As the end of November approaches, the Obama administration’s self-imposed deadline draws nearer. In late October — after the Department of Health and Human Services scrambled for weeks to find a fix for the error-riddled, federally created health care websites — the White House promised Healthcare.gov, the portal that links all 36 federal online insurance marketplaces created by the Affordable Care Act, would be running smoothly by the end of this month. In a statement made October 25, Jeff Zients, the health care entrepreneur slated to replace Gene Sperling as director the National Economic Council, argued that Healthcare.gov was “fixable.”
Those online marketplaces launched on October 1 to numerous software errors and design flaws that caused hours-long wait times, prevented potential customers from creating accounts and completing the 30-step enrollment process, sent insurers the wrong information, and made it difficult for customers to receive an accurate cost estimate.
As of Monday, workers helping enrollees sign up had noticed that the federal website was running more smoothly, meaning insurance customers were experience shorter wait times and fewer crashes. Still, as the Washington Post reported, the online computer system, which gives marketplaces the means to see which applicants qualify for what programs, has defects, and those defects will be a problem when a larger volume of applicants begin to enroll in coming weeks, as expected.
For the overall success of the reform, one of the most concerning glitches is the one that gives insurers erroneous reports about who has enrolled. Problems linger despite the fact that additional IT staffers have been brought on. The site has been updated several times with new code that includes “bug fixes,” and additional capacity has been added so that the virtual “waiting room,” which has caused so many problems, could be removed.
To cope with the traffic surge that health officials expect the websites to experience this upcoming weekend, after the deadline passes and the federally facilitated exchanges are theoretically running smoothly, the Obama administration has devised a plan. During a press briefing on Monday aboard the Air Force One, Josh Earnest, the deputy press secretary and chief of staff in the White House Office of Communications, explained to reporters the “queuing system,” a feature meant to prevent potential enrollees from becoming discouraged.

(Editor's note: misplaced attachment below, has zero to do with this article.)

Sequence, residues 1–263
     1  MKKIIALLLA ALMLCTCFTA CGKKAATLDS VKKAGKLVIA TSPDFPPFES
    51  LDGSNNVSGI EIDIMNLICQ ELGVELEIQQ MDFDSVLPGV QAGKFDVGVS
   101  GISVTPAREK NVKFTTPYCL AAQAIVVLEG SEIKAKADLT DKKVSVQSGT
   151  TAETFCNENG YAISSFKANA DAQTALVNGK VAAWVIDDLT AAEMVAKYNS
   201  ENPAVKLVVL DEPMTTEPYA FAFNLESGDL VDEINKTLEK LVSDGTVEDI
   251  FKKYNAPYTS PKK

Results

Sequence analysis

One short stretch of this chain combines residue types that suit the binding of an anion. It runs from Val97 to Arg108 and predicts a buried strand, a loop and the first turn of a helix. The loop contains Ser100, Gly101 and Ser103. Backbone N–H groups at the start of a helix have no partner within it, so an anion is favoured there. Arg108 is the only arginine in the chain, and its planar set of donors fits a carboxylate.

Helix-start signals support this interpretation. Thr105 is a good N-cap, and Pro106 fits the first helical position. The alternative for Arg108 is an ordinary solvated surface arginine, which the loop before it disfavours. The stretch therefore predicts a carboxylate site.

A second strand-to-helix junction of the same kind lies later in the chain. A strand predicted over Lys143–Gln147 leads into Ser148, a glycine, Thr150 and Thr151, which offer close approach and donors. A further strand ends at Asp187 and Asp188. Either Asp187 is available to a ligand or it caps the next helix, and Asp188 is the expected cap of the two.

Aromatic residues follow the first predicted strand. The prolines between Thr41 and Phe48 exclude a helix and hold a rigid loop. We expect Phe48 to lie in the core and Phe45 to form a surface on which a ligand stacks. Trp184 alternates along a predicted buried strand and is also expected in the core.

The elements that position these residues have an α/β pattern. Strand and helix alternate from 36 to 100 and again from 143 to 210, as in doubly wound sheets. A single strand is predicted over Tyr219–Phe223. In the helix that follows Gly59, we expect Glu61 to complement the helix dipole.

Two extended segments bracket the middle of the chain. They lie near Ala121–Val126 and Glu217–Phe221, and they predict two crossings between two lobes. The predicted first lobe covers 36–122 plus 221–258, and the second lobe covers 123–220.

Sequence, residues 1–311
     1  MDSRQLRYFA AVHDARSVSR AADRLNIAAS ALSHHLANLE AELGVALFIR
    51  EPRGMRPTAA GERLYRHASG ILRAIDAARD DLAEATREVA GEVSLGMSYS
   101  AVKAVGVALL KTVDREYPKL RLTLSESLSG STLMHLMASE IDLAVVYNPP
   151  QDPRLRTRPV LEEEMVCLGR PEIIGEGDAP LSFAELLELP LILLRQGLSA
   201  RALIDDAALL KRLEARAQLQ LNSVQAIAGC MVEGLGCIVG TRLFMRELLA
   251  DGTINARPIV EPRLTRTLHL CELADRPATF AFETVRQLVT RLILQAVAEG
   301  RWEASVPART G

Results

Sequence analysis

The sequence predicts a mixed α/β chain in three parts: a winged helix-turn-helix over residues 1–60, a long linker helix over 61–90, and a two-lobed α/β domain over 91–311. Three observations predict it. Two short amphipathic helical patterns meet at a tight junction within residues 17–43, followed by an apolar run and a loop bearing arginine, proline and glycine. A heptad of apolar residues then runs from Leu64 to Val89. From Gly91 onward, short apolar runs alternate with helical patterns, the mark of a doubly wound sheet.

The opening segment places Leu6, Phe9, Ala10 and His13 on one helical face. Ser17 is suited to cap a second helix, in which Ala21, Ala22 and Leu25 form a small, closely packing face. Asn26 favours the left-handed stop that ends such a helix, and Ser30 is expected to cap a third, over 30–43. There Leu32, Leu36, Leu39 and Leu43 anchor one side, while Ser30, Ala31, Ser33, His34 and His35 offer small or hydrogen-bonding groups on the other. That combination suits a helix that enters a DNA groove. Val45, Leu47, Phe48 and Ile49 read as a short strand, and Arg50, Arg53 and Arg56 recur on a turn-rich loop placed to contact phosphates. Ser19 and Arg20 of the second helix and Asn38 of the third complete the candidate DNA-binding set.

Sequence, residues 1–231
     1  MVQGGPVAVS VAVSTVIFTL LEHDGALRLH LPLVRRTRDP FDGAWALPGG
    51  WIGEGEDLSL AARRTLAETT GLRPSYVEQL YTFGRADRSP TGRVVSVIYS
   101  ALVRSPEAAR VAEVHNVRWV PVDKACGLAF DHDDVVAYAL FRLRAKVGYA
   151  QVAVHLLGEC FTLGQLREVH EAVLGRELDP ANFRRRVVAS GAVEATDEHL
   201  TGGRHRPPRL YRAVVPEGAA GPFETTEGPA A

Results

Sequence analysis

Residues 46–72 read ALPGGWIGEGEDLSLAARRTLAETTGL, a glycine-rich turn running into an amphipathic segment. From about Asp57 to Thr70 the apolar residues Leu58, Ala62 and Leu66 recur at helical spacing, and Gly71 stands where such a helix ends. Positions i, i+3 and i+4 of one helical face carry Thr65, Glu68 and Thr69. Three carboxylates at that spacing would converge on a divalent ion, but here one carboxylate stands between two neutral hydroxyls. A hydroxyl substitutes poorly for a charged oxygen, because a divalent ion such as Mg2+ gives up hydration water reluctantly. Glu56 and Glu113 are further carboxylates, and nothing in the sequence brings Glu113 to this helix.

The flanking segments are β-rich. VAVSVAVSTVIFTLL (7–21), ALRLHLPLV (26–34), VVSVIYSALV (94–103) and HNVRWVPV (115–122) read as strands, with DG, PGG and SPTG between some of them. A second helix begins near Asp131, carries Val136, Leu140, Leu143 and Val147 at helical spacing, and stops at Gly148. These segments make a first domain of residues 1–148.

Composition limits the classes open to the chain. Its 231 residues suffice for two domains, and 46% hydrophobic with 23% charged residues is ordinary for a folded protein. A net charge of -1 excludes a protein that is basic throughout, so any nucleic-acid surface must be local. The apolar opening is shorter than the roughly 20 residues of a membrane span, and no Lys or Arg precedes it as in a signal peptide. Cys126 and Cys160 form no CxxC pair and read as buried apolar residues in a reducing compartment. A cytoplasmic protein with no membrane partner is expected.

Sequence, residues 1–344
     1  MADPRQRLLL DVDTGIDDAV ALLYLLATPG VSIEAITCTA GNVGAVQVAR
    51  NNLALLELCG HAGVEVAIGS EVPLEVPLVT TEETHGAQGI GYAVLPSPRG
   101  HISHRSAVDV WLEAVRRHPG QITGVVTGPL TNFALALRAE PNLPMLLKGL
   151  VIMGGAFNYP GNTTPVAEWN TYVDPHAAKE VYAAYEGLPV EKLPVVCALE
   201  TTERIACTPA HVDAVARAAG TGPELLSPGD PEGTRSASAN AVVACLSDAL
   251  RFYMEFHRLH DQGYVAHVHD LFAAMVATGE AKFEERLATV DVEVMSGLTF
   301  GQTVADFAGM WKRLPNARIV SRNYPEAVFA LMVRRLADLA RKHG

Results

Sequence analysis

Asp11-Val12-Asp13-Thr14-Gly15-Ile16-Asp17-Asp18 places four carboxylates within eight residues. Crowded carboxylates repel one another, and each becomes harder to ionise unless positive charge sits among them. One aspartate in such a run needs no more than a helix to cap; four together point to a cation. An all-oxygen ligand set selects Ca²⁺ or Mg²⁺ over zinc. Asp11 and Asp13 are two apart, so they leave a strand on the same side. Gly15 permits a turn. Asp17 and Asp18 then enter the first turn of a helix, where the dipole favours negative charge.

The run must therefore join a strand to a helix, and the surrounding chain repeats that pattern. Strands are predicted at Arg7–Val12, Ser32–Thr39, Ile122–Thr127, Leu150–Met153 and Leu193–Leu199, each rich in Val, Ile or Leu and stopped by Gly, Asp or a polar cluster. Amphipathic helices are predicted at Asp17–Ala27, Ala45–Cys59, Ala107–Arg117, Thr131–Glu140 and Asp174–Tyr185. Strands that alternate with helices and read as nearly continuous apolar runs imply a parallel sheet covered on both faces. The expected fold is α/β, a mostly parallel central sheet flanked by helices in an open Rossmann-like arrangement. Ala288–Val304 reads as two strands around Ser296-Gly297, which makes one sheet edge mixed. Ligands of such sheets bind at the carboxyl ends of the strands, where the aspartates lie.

His comments were prompted by a reporter who pushed Earnest to address how smoothly the health care website was functioning: “You guys are now six days from the new November 30th deadline, which you all have said, at that point, you hope that the vast majority of people will still have access to enroll in Healthcare.gov. You say that 50,000 — the website will be able to accommodate up to 50,000 users, which is obviously a huge change. Six days away, are you still confident in that? And do you have a contingency plan if, once again, this is not the case?”
In response, Earnest said the administration was on track to “meeting the goals that we established for ourselves and established for the website on November 30th,” according to the Centers for Medicare and Medicaid Services. He explained that CMS had been citing metrics to log that process, and its data have shown that there has been steady improvement in the speed of the website, particularly the rate at which individual pages on the site load.
Now, pages reportedly load in less than one second, which compares to a speed of between six and eight seconds when the website was first rolled out. Even more encouraging, the deputy press secretary said the error rate has decreased significantly: It now falls below 1 percent, a significant improvement from the 6 percent error rate at the time of the website’s launch. That level was “entirely unacceptable,” he said.
Another improvement Earnest described was the addition of extra capacity. By the end of November, Healthcare.gov should be able to handle 50,000 concurrent users. In the event that there are more than 50,000 users attempting to enroll or create accounts, insurance customers can choose to receive an email from CMS when the traffic on the website has decreased.
“That email will basically give them a link, and if you click on the link you can jump to the front of the line to access the website,” explained Earnest, noting that the fix will both allow health officials to better manage traffic flow and enhance consumer experience. “It had to be very frustrating for people who would go, repeatedly go to the website and find that they couldn’t log on because the website was busy,” he said. But now, potential enrollees can have confidence the website will actually work, the press secretary added.
“So there have been a lot of improvements that they have made. But I think the CMS — the folks at CMS will be the first ones to tell you that this continues to be a work in progress, that there are additional improvements to the website that need to be made. They continue to work through a punch list,” Earnest concluded. “I know that there are several dozen items that they identified at the end of last week that they hope to try to address over the course of this week. I haven’t gotten an update about where they stand on that punch list, but suffice it to say there is no shortage of areas that need the attention of developers and other technology experts as they try to confront some of the challenges with the website.”
He then reiterated that the administration is pleased with the progress CMS has made and that it expects the website to be running smoothly by the November 30 deadline.
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